First 10 titles of 50-volume Singapore Chronicles launched

 A series of books on topics such as Singapore's diplomacy and heritage, written to mark the nation's 50th year of independence, launched on Dec 10, 2015.
 A series of books on topics such as Singapore's diplomacy and heritage, written to mark the nation's 50th year of independence, launched on Dec 10, 2015. ST PHOTO: WALTER SIM

SINGAPORE - A series of books on topics such as Singapore's diplomacy and heritage, written to mark the nation's 50th year of independence, was launched on Thursday (Dec 10) by Finance Minister Heng Swee Keat.

The 50-volume series is called Singapore Chronicles. Each title, written by experts in the respective fields, serves as a simple primer on the respective subjects in between 100 and 150 pages.

The first 10 books were launched on Thursday, while the remaining 40 titles will be published over the next year. The books are a joint effort by the Institute of Policy Studies (IPS) and the Straits Times Press.

They are now available at major bookstores at $16 each, inclusive of GST.

Mr Heng, who chairs the SG50 Steering Committee, said that the series of 50 books is unprecedented in its scope.

He added, at the launch at the National University of Singapore (NUS) law school: "We cannot build towards our future without an understanding and appreciation of the past. The books are a reminder of how far we have come, and are a reference as a way forward."

Added IPS director Janadas Devan: "These volumes seek to be as objective as possible. We also asked the authors to make sure their accounts are accessible to the intelligent lay reader, especially young Singaporeans.

"We did not seek academic tomes or strive to have the last word on any particular subject."

The first 10 books are:

1. Colonial Singapore by veteran historian Nicholas Tarling

The book looks at Singapore from the time it was a British colony, following the arrival of Sir Stamford Raffles in 1819, to the rise of anti-colonialists after World War II and its merger with Malaya. It studies the impact of British rule on developing Singapore's economy and society.

2. Constitution by Dr Kevin Tan, an adjunct law professor at the NUS

The book traces the development of the Singapore Constitution, including how issues such as citizenship, equality and fairness for minority groups are enshrined in it.

3. Defence by Institute of Defence and Strategic Studies researcher Ho Shu Huang, and Australian Defence Force Academy adjunct lecturer Samuel Chan

The book looks at Singapore's defence policy with the aim of addressing the David-and-Goliath question: how a tiny island can defend itself against bigger players in the region.

4. Diplomacy by researchers Evelyn Goh, of the Strategic and Defence Studies Centre at the Australian National University, and Daniel Chua of the Institute of Defence and Strategic Studies in Singapore

The authors suggest four key threads to Singapore's diplomacy in dealing with challenges such as terrorism and transboundary pollution. They include being proactive in international affairs and emphasising cooperation with multiple stakeholders.

5. Education by Professor S Gopinathan, a researcher in teacher education and education policy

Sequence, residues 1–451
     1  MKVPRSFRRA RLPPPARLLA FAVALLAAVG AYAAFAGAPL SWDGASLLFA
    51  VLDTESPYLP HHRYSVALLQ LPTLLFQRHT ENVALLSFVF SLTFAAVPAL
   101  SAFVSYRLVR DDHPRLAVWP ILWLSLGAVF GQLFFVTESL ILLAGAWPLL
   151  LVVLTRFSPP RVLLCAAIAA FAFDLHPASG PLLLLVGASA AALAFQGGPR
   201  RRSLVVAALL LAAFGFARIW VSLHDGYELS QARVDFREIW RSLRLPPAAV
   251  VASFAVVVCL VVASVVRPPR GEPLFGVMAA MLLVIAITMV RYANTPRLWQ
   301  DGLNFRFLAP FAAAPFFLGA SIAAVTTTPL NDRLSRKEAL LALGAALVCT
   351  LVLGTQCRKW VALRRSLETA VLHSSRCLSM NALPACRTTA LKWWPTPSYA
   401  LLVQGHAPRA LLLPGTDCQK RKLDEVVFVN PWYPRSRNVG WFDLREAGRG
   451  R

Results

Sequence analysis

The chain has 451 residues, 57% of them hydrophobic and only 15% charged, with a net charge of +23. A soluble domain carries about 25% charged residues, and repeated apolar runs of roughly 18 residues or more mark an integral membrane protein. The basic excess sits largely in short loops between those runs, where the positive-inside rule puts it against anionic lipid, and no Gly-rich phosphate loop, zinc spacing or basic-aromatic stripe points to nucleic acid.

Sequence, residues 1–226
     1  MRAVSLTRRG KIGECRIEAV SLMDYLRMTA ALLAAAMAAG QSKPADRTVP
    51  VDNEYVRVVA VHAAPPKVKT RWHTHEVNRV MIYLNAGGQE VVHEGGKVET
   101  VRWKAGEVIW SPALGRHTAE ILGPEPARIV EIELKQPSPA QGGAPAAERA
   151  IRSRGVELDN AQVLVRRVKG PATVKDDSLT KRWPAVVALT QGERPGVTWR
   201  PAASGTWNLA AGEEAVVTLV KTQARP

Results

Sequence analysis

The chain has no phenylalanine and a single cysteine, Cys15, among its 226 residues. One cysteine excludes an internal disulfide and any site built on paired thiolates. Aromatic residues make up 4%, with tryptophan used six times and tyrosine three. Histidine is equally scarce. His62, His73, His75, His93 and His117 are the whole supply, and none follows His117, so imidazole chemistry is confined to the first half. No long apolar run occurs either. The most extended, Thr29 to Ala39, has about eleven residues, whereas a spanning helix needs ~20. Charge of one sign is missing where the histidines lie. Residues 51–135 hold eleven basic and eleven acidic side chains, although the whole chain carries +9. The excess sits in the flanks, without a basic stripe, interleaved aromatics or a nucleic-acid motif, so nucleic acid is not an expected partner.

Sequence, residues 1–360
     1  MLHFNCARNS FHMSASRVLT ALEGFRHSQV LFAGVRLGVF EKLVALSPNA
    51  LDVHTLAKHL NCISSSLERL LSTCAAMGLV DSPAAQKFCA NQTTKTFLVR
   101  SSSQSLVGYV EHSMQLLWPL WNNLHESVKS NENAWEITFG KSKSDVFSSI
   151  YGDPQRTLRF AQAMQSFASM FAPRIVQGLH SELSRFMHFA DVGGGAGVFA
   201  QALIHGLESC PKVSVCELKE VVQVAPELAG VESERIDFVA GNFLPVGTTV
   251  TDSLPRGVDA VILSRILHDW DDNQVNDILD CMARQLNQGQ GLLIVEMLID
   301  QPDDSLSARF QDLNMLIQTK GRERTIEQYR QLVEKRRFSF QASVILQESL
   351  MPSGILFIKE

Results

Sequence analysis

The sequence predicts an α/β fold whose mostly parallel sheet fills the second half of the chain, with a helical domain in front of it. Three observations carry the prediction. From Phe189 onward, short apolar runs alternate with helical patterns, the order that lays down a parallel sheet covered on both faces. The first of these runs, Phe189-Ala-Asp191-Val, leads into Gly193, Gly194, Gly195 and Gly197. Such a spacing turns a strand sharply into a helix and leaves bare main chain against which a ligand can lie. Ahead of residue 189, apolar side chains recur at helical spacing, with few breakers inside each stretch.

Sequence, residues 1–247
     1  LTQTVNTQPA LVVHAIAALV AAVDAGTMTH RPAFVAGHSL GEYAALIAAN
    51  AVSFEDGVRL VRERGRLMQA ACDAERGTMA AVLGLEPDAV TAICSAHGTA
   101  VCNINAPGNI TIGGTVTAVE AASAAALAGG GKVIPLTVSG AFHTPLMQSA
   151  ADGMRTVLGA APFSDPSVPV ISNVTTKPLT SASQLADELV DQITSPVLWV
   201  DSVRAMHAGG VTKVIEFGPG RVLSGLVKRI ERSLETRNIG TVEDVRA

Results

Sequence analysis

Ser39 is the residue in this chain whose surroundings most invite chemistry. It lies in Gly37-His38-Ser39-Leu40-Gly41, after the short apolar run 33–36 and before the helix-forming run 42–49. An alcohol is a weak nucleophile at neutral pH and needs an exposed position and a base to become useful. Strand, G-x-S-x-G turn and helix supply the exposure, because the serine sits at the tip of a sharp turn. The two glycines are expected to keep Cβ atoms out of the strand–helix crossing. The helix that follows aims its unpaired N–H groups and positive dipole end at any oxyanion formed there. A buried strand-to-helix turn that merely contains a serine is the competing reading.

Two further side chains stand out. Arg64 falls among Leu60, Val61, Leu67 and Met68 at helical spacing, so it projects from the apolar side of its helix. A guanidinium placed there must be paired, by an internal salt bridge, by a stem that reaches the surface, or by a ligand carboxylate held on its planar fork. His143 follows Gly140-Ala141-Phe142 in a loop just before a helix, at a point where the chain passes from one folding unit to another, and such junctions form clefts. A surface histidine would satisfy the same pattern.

The book examines key policies that led to Singapore's successful education story - and how a more educated citizenry today has profoundly influenced education policy to one that is less elitist.

6. Eurasians by Dr Alexius Pereira, deputy director at Ministry of Home Affairs. He was previously assistant professor for sociology at NUS.

The author looks at identity issues Eurasians face and which may not apply to other ethnic minorities in the country. He raises the ideology and policy of multiracialism - including the Chinese-Malay-Indian-Others model - that have affected the evolution of their identity in Singapore.

7. Heritage by Mr Kennie Ting, group director for museums and development at the National Heritage Board

The book looks at the factors influencing the preservation and protection of Singapore's heritage through the years, including the considerations of policymakers and conservationists.

The author, in noting that even new and manufactured landmarks of today may be considered heritage in the future, makes the case that heritage is living and there is no way to define it conclusively.

8. Indians by Professor Vineeta Sinha, who heads the sociology department and the South Asian Studies programme at NUS

The book maps the deep diversity and rich dynamics behind the socioeconomic, religious and linguistic intricacies of the Indian community. It also looks at the impact of ongoing arrivals of professionals and foreign workers from India on the larger society.

9. Law by contract law expert Goh Yihan, who teaches at the Singapore Management University

The book tells the story of the legal system from the British years to the post-independence period. It notes that the system has expanded beyond the domestic towards internationalisation, with the launch of the Singapore International Commercial Court this year.

10. Presidency by Professor Thio Li-Ann, a constitutional law expert and former Nominated Member of Parliament

The book examines the powers held by Singapore's head of state, as well as how the elected presidency institution has evolved since it was introduced in 1991. The author also presents arguments both for and against the elected presidency system, noting the politicised nature of the 2011 Presidential Election.